Nashville man gets unexpected call to help Haiti following Hurricane Matthew

Photo: WKRN

NASHVILLE, Tenn. (WKRN) – What Will Knowles will take to Haiti on Thursday is laid out on his couch on Wednesday in South Nashville.

The idea is to fit it all into a backpack because the nine-member team he will join from the relief group called Heart to Heart is expected to be self-sufficient.

He pointed to a sleeping bag, freeze-dried food, a water purifier, and one-set of clothes to wear for a week as just some of the items that he hopes to stuff in one backpack.

Will’s laptop was also nearby as he told News 2 he was “trying to get his bearings” about what he will do in Haiti since he only got the call from the relief group this morning.

A few of the items Will is taking with him. (Photo: WKRN)
A few of the items Will is taking with him. (Photo: WKRN)

“I am trying to figure out as much information as a I can as it comes in,” said Knowles, who is a marketing consultant when he is not helping out the relief group which was started by his uncle in Kansas City.

He describe his role as being “an extra hand” to the medical team from Heart to Heart that has rented a helicopter to go into the hurricane-stricken.

“So they can fly their medical teams in, drop them and then fill that helicopter with as many critically injured people and take them out to hospitals,” added Will.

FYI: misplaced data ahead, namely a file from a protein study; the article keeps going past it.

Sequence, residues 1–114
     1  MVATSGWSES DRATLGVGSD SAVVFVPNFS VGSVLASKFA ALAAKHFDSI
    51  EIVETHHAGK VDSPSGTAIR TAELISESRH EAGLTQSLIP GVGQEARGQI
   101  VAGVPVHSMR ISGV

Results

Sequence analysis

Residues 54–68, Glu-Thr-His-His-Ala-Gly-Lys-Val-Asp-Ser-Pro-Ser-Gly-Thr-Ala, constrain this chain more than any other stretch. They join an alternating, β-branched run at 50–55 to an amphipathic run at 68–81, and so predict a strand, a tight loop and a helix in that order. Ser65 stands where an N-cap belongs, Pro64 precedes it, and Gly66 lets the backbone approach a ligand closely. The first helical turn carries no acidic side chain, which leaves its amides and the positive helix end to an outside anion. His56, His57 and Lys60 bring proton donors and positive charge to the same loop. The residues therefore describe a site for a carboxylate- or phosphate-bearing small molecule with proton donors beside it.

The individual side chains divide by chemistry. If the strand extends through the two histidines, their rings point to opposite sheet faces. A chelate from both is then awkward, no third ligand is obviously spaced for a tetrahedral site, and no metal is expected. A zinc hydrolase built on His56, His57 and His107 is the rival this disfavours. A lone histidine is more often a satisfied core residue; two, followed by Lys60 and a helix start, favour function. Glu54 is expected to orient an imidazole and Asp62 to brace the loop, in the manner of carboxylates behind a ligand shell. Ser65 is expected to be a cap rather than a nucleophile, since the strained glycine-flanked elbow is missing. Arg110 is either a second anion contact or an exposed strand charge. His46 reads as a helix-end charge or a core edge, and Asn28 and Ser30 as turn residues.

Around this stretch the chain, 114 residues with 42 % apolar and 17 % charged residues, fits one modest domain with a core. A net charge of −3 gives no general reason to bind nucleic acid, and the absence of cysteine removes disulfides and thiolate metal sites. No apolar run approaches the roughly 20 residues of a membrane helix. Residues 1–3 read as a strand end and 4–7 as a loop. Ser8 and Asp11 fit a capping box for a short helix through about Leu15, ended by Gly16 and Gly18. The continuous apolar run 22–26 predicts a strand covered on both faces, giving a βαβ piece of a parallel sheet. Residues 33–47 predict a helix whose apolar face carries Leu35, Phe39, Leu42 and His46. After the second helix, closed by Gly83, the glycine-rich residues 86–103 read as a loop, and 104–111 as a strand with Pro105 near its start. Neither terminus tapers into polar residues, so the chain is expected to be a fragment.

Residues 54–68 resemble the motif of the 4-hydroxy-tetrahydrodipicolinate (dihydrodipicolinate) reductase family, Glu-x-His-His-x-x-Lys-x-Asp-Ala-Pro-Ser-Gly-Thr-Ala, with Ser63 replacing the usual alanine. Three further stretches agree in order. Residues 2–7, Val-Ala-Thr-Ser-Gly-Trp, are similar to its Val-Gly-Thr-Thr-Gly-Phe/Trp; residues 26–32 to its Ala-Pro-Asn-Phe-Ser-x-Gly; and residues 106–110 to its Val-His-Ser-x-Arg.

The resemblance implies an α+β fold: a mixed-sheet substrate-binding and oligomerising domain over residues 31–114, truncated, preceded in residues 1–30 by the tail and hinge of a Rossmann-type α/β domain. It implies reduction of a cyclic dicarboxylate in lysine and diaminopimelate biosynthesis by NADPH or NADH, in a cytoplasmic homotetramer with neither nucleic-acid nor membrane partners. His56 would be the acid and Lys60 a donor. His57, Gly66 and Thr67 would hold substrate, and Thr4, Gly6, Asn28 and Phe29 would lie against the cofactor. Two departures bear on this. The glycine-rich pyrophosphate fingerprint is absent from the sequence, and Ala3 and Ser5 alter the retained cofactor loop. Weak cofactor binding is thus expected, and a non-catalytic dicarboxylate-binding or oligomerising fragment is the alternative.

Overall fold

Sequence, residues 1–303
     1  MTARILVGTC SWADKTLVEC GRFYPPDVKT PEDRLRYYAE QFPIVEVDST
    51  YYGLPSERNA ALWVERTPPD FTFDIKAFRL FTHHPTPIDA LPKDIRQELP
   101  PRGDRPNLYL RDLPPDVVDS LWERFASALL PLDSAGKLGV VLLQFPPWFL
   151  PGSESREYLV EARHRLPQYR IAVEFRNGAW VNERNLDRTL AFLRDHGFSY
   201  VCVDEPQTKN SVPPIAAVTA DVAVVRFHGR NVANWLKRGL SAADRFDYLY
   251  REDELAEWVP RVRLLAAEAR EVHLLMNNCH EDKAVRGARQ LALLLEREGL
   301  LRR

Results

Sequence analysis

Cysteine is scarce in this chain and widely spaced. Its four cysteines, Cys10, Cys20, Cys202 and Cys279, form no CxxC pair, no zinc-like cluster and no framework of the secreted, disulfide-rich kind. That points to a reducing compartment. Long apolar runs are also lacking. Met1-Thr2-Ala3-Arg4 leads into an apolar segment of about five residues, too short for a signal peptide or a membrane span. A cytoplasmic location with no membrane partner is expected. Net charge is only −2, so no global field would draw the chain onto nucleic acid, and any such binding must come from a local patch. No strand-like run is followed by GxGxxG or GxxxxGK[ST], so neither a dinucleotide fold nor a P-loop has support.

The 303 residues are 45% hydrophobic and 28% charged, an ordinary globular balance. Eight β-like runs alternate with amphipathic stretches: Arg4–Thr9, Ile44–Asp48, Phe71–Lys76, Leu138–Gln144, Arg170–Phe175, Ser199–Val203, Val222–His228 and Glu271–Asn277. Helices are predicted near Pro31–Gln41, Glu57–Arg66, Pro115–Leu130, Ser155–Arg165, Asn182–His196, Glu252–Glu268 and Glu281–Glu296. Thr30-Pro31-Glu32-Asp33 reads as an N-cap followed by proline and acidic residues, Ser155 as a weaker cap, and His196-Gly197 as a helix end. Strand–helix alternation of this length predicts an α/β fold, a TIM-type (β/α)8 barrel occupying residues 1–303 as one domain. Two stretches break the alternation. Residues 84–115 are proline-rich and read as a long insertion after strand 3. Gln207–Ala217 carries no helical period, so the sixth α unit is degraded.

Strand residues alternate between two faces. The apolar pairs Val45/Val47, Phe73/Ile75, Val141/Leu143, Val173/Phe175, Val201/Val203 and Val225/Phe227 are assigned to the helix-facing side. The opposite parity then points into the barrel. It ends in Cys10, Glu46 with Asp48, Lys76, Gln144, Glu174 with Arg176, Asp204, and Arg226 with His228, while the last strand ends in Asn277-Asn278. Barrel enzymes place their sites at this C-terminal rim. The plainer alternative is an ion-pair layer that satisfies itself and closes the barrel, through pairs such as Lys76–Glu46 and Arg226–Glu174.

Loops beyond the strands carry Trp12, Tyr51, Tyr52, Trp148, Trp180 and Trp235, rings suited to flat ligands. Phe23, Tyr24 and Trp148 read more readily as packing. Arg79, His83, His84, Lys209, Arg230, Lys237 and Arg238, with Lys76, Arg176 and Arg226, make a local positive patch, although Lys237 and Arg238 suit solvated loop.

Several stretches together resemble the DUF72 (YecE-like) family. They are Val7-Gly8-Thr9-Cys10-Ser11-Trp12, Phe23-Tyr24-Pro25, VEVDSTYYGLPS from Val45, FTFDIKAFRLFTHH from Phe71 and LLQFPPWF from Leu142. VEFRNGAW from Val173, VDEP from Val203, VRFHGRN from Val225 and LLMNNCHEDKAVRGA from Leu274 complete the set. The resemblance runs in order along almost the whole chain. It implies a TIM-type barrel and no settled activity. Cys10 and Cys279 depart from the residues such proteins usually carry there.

LIVE: Track Hurricane Matthew 

Knowles said he will be documenting the relief team’s efforts because too often places like Haiti are forgotten when the next disaster comes along.

“The reality is the hurricane is going to hit Florida in a day and a half and everyone is going to forget about the countries in the Caribbean that need your help,” he told News 2 while packing. “And they really wanted to get somebody down there to tell the story of what is going on and back to their donors and their base and know that this crisis is real and catastrophic.”

Evidence of that is coming back for two Middle Tennessee groups who have been praying for the orphans they support in Haiti’s peninsula struck by the hurricane.

The prayers from Mt. Carmel Baptist in Robertson County and Agape to the Nations in Gallatin have been answered in that the they support are safe, but several of the structures the two groups built are said to be heavily damaged.

Those and countless other mission groups with ties to Haiti will soon be needing much more than prayer for the kids they support.